Kuan Yin, Goddess of Mercy hanging for Car, Home, Office
In Buddhism, Kuan Yin (also spelled Guan Yin, Kwan Yin) is the bodhisattva of compassion venerated by East Asian Buddhists. Commonly known as the Goddess of Mercy, Kuan Yin is also revered by Chinese Taoists as an Immortal. The name Kuan Yin is short for Kuan Shih Yin (Guan Shi Yin) which means "Observing the Sounds of the World".
In Japanese, Kuan Yin is called Kannon or more formally Kanzeon; the spelling Kwannon, resulting from an obsolete system of romanization, is sometimes seen. In Korean, she is called Kwan-um or Kwan-se-um. In Vietnamese, she is called Quan Âm or Quan Thế Âm Bồ Tát.
Kuan Yin is the Chinese name for the bodhisattva Avalokitesvara. However, folk traditions in China and other East Asian countries have added many distinctive characteristics and legends. Most notably, while Avalokitesvara can be depicted as either male or female, Kuan Yin is usually depicted as a woman, whereas Avalokitesvara in other countries is usually depicted as a man.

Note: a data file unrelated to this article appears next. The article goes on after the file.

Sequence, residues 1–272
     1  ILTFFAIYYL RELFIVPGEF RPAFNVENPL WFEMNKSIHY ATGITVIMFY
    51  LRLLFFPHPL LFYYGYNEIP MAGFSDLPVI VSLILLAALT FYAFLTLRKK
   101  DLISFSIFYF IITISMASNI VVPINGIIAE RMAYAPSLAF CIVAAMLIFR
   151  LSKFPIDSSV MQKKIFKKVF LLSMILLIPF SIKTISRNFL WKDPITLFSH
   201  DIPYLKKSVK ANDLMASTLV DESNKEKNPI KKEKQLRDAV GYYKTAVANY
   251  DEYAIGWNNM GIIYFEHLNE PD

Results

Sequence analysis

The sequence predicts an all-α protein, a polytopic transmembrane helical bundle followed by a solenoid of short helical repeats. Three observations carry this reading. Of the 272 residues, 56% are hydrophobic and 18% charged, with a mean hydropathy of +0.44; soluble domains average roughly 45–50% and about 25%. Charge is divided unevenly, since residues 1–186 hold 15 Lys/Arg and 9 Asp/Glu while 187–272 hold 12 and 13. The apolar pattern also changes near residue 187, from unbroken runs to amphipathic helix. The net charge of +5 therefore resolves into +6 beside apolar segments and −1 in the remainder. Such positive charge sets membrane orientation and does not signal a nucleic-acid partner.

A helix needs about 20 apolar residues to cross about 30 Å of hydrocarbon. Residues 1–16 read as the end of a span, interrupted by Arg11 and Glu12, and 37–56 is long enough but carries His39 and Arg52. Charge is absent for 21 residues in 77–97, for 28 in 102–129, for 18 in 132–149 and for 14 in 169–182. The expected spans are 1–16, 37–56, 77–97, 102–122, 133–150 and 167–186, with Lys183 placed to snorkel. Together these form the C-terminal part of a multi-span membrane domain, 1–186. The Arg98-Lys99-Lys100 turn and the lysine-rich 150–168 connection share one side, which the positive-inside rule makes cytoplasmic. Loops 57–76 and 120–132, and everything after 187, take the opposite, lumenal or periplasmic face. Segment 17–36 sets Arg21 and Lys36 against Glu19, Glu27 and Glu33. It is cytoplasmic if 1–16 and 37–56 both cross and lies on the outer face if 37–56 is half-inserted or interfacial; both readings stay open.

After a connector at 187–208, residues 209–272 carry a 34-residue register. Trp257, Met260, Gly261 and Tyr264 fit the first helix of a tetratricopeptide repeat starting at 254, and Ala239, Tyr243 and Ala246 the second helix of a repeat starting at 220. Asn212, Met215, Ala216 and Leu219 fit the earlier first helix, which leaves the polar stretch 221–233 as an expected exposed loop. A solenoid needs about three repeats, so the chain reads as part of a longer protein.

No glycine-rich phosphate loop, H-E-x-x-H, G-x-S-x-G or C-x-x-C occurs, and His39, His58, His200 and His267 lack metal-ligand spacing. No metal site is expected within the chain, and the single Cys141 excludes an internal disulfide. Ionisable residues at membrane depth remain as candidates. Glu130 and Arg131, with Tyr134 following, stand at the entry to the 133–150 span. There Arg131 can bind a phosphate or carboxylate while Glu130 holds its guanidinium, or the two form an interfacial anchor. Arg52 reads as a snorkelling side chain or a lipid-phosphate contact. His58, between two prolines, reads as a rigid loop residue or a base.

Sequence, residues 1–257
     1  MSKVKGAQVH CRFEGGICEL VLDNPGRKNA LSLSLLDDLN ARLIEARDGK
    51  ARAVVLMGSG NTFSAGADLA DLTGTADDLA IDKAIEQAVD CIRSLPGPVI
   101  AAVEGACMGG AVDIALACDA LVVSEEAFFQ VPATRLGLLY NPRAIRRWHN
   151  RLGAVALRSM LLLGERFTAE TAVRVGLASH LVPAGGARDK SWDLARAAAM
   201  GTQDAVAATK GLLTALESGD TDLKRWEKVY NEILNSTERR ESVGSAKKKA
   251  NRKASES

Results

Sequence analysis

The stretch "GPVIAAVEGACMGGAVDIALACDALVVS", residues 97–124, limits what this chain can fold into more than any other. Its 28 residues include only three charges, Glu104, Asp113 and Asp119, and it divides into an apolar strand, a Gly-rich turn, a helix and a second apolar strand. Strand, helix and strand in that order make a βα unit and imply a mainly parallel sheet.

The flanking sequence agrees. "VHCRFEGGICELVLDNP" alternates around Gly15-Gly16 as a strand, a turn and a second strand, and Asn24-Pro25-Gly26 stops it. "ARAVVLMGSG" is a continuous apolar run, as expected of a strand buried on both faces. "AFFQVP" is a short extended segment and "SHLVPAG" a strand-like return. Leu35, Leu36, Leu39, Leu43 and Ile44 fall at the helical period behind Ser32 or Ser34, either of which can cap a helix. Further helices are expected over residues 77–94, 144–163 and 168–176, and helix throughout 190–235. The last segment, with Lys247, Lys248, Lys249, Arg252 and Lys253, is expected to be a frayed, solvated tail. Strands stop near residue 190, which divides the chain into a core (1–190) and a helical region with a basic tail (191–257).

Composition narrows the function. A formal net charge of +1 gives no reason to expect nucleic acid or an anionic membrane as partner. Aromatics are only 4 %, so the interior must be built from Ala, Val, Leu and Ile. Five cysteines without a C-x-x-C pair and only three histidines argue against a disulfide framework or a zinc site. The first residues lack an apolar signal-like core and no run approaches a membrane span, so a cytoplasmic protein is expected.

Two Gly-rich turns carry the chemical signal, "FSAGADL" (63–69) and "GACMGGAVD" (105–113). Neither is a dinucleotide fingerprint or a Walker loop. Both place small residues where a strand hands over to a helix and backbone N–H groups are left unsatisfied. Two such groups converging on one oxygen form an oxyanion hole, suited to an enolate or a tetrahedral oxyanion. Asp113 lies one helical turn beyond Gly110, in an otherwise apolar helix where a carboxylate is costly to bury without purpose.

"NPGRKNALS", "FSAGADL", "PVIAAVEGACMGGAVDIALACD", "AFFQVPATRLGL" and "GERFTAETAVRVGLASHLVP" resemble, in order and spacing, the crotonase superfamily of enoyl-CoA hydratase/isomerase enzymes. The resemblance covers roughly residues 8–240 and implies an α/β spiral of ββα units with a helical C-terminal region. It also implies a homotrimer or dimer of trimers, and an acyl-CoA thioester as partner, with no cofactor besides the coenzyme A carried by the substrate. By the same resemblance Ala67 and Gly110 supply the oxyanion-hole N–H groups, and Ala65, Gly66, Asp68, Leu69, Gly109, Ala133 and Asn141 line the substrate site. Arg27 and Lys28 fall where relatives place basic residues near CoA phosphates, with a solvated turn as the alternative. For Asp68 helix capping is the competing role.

Kuan Yin, the Compassionate One or literally 'the one who sees and hears the cries of the world' is the principal goddess in the eastern firmament. She is centuries older than the Christian Virgin Mary but not unconnected with her in that in most illustrations she holds a rosary, suggesting purification of the cycle of birth and death, and a willow branch, a symbol of Buddhist virtues. Wherever there are Chinese or Japanese speaking people in the world - in homes, restaurants, workplaces, small urban temples, Buddhist, Taoist and Shinto shrines - Kuan Yin's image can be found and the ritual of consulting her has brought solace, hope and insight to countless people. It continues to be an integral part of the lives of tens of millions of people throughout the East today.
The size of hanging is 14 inches approx. from top to bottom